I will not be sharing something from every place we went, because, that would be crazy and also ruin the magic of things I think. However, if you want to see a little bit from every bit, I highly recommend checking out my VSCO grid: 


Most of the edited (edited with the VSCO app) photos live on the grid. If you use the little magnifying glass you can search by tag, and there is a tag for every place we spent significant time at. (Though even significant time equates to only a few hours in some places.) 

I also shot film while in Europe. In fact, I shot only 35mm film and iPhone photos. So, right now I'm working with the phone photos, but I will be getting my film processed and scanned in the coming weeks, and will then have some new things to post. 

Mostly, I don't want this blog to be an endless sea of images with no meaning. Everything blurs together and things are already leaving me, and I want to use this blog to capture some memories and keep them. And you can't capture everything. My memories and brain are scattered and so posts about Europe will be scattered. There are things I know I want to write about and things I know I could never do justice by writing about and things I don't yet know I'll remember and things I've already forgotten.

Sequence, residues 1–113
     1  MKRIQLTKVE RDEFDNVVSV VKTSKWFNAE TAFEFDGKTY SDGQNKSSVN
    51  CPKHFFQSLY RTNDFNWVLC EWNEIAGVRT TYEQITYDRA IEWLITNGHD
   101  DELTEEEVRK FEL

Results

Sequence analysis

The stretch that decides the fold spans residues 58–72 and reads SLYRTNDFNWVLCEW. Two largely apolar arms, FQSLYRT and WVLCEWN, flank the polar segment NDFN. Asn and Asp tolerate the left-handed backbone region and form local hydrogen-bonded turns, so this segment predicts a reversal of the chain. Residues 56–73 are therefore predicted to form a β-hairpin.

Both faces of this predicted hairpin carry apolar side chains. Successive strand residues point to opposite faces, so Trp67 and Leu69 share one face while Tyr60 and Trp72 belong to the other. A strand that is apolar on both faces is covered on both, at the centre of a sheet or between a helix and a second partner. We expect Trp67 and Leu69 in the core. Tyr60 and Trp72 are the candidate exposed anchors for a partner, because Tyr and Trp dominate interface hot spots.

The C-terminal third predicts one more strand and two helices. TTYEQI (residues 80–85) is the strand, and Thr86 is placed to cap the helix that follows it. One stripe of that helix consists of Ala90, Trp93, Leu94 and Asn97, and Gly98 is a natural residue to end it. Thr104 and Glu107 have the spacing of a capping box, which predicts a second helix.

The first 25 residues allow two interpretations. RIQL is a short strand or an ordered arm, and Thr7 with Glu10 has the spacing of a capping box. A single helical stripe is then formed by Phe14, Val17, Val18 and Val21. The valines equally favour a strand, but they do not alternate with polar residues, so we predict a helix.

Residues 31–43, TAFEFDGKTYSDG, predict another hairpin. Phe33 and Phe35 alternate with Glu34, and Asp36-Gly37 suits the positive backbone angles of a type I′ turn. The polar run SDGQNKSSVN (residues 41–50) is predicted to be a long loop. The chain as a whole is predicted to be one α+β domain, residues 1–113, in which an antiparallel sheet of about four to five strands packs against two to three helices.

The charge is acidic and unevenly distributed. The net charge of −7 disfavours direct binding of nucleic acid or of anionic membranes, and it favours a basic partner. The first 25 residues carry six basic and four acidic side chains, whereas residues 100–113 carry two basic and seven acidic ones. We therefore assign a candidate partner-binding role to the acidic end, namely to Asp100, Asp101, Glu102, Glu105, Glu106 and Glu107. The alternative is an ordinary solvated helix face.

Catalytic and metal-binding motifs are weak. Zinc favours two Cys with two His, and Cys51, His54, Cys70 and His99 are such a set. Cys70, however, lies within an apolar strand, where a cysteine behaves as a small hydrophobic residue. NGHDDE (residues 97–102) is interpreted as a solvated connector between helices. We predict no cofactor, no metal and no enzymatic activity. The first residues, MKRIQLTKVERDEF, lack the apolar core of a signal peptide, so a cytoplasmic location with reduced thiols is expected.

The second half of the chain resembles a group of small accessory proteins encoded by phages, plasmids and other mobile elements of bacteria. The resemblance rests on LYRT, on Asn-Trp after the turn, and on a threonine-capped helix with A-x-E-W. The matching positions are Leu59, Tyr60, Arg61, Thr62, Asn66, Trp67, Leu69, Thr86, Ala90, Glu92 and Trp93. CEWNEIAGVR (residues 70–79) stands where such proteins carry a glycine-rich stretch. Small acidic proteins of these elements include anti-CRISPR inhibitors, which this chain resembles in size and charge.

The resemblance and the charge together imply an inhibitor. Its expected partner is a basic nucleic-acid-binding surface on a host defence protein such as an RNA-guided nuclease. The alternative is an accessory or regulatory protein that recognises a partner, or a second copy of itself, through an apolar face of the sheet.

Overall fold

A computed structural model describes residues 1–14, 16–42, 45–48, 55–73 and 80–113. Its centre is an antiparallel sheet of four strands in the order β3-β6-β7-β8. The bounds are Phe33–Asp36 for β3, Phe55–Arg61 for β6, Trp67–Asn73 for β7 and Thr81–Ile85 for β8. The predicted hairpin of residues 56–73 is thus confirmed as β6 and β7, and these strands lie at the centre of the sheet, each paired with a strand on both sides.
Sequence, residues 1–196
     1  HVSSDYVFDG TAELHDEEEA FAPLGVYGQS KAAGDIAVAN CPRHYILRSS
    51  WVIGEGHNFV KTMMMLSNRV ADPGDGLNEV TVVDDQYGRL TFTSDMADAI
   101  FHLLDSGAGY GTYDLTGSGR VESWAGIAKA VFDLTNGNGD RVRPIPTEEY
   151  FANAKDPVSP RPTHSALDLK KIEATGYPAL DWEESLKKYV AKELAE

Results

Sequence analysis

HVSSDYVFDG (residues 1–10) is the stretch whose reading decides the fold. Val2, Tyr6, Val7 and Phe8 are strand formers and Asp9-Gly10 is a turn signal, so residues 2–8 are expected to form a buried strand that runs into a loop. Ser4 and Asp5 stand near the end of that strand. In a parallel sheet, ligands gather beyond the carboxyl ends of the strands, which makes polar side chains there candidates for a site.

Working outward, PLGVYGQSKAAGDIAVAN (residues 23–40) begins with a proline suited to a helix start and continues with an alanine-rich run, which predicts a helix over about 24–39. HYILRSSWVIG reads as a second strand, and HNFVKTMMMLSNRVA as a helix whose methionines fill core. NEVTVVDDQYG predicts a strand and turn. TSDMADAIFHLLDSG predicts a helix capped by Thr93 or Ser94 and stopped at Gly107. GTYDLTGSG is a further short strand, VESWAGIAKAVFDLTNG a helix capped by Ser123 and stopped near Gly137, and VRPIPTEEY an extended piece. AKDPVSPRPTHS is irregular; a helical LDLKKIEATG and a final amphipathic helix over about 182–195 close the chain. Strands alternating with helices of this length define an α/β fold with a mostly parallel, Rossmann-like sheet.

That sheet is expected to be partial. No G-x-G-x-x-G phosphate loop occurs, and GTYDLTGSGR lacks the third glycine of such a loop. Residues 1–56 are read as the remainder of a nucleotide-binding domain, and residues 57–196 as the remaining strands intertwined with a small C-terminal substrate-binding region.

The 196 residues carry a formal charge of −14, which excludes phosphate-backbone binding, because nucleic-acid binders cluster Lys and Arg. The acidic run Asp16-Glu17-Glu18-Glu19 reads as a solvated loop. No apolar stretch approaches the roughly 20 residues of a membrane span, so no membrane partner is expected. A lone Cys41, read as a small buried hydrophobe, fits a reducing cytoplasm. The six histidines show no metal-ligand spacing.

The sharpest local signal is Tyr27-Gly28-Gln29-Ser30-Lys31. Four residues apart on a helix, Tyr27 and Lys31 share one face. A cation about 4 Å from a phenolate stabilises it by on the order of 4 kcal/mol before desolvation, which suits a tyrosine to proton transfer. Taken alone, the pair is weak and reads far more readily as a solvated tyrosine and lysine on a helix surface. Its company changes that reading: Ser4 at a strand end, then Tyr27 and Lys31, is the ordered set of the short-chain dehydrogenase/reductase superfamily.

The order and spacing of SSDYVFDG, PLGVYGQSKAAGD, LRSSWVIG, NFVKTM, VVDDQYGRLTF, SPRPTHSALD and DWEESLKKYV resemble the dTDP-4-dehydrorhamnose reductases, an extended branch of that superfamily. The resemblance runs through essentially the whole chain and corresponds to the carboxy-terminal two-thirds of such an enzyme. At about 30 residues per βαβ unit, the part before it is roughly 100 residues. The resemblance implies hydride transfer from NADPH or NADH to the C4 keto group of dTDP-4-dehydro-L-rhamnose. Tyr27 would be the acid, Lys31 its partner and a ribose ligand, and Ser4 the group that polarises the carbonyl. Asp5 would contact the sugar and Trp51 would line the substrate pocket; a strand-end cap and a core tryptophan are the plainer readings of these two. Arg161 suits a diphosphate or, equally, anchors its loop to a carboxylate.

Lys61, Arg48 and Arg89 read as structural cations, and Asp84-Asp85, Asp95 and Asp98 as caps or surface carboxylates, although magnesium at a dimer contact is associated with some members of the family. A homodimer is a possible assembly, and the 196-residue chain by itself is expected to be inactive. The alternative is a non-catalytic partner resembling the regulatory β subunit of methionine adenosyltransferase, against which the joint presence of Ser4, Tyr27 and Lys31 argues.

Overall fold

So for now have this feeble map and use your imagination while I sort through my memories. 




europe: shades of water

I'll begin with the smallest thing, and the biggest thing. Water. We could start by exploring what it means to see water, apart from this trip to Europe. We could start by saying that to set your eyes on water is to have some sort of release. To feel, even just by looking at it, weightless. We could say that being next to water lowers the temperature by a few degrees, even just in your imagination.

We could start in Dover, where the water is opaque and grey-green. The beach was made of egg sized rocks and the waves coming in pulled at them and made the most absorbing sound.


And the wind whipped across it, from the land which isn't so far away, although when you're standing on one end of the English Channel the water still seems endless like it always does. 


The sky in Dover was grey and overcast and still, I never saw such a beautiful combination of colors. Until Switzerland, where we visited very briefly the edge of the country, which holds a lake named after the city of Geneva. The lake holds the purest water. So clear you could see all the pebbles on the bottom. It was a hot day and I never wanted anything so much as I wanted to dive into that lake. 


I would be surrounded by solid sea glass, water so clear I would easily see the sky even under the surface. Water which on such a sunny and clear day, reflected back up the brightest turquoise color. So rich you wouldn't think it could exist in the world. Water does that. It becomes colors you didn't imagine possible.